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How cyber is underestimated as an ESG risk

Fund managers – especially credit firms – need to rethink how they assess target companies’ cyber resiliency as part of their ESG due diligence, writes Terésa Cutter, managing director and head of ESG and impact at private debt firm White Oak Global Advisors.

As data breaches grow in number and prominence, asset managers need clear policies on how to implement cybersecurity into every part of their environmental, social and governance due diligence evaluation of investments. Cybersecurity, also known as cyber-resilience, typically sits within ESG’s governance branch. But the recent rash of large-scale breaches highlights the potential impact on all facets of an organisation. Any company that has not incorporated cyber-planning into every part of the organisation is increasingly vulnerable to risks that could also have a social impact.

Terésa Cutter
Terésa Cutter; source: White Oak Global Advisors

According to the most recent RBC Global Asset Management study on the topic, two-thirds of 800 investors surveyed across the US, Canada and Europe rated cybersecurity as a top ESG concern. As a result, an increasing number of investors expect asset managers to have developed robust, firm-wide cyber-defence policies and evaluation capabilities for any kind of data breach.

An impact that stretches beyond G

Within ESG, governance generally considers the rights and responsibilities of a company’s management and ownership through the actions and policies of executives in the C-suite, the board and other stakeholders. Governance often focuses on general business ethics, corruption and accounting transparency, as well as behavioural aspects such as board diversity and executive pay.

Typically, cyber-resilience resides under the governance umbrella of ESG, as breaches typically expose operational risks that fall under management’s purview. However, prominent breaches – such as the ones that affected T-Mobile in August, the Colonial Pipeline in May, Capital One in 2019 and Equifax in 2017 – have demonstrated that an attack’s effects can ripple far beyond the C-suite and board.

The latest breach against T-Mobile displays the gravity of the situation. Stolen data from the cellphone carrier included first and last names, birth dates, US Social Security numbers and driving licence information, affecting more than 40 million current and prospective customers. The financial and social welfare of millions of customers may now be at risk.

The Colonial Pipeline ransomware attack threatened control over key pipelines supplying gas to the US East Coast, which could have imperilled critical infrastructure and the environment. Following the attack, calls for regulations and transparency into the sustainability of an organisation’s cybersecurity plans have only grown louder.

At Capital One, a hacker gained access to more than 100 million customers’ accounts and credit card applications, including 140,000 Social Security numbers, one million Canadian Social Insurance numbers and 80,000 bank account numbers. The attack jeopardised the social welfare of millions of customers, employees and community members.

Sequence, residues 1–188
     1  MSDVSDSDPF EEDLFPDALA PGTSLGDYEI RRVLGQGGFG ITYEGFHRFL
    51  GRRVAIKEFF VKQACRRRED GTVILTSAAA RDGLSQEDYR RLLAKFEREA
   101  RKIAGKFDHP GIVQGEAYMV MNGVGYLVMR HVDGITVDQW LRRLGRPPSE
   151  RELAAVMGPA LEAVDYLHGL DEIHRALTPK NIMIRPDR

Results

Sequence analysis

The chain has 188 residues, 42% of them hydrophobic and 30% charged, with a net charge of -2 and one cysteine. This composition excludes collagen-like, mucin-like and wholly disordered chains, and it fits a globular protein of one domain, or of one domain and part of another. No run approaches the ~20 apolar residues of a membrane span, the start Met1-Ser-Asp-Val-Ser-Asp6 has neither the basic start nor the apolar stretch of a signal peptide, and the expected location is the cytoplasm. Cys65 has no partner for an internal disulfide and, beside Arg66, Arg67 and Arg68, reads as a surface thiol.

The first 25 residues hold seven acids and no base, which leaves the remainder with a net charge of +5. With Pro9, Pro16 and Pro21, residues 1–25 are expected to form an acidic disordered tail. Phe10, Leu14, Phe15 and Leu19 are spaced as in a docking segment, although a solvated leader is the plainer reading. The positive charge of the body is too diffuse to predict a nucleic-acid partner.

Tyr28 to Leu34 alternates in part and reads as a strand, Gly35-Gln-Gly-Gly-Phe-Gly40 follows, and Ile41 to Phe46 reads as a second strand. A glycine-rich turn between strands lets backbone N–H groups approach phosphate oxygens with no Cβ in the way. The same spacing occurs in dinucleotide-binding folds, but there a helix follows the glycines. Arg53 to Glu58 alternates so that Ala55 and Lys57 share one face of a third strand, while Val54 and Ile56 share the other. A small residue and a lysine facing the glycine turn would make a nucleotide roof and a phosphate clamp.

The Equifax breach, which cost the giant credit reporting agency $700 million and led to a 30% drop in its share price, demonstrated how seemingly intangible concerns can lead to very tangible consequences to a company’s bottom line. The attack also affected 147 million Equifax customers, thereby underscoring its social impact.

In all, these breaches damaged public trust in corporations, institutions and infrastructure and affected many millions of people. For businesses, cyberattacks have the potential to erode customer trust and loyalty, as well as a company’s brand. Taken to the extreme, a cyber-breach can threaten a company’s reputation, the sustainability of its earnings and even lead to regulatory intervention and legal sanctions.

Extending cyber-resilience to every facet

For asset managers, robust cyber-resilience and response processes can help safeguard reputations and prevent outflows. More importantly, close monitoring of various ESG and technology factors enables better data security, business model resilience and critical incident risk management, thereby benefiting a broad range of stakeholders.

More pointedly, we as asset managers need to change the way we evaluate investment opportunities. We can no longer just check the box when we see that a company has stated policies and frameworks. This is particularly important in private credit where, by design, direct lenders are prohibited from controlling our borrowers’ governance, thus limiting our capacity to help them improve their cyber-resiliency.

We need to be able to assess the potential risk of a cyberattack to every part of the investment from an ESG standpoint and work with companies to find ways to mitigate those threats.

All companies need to manage cyber-risks to their systems proactively, beginning by cultivating a culture of cyber-resilience that prepares for everything from phishing attempts to protecting client data. A cyber-resilient culture starts from an understanding that breaches are inevitable, so every person within the organisation needs to know which role to play when a hack occurs.

The pandemic has accelerated digitisation across all sectors and industries, and presented more opportunities for large-scale security breaches. Consequently, the importance to investors of ESG factors such as cyber-risk management and protections, as well as transparent disclosures and reporting, should only increase for asset management firms.

Terésa Cutter is managing director and head of ESG and impact at White Oak Global Advisors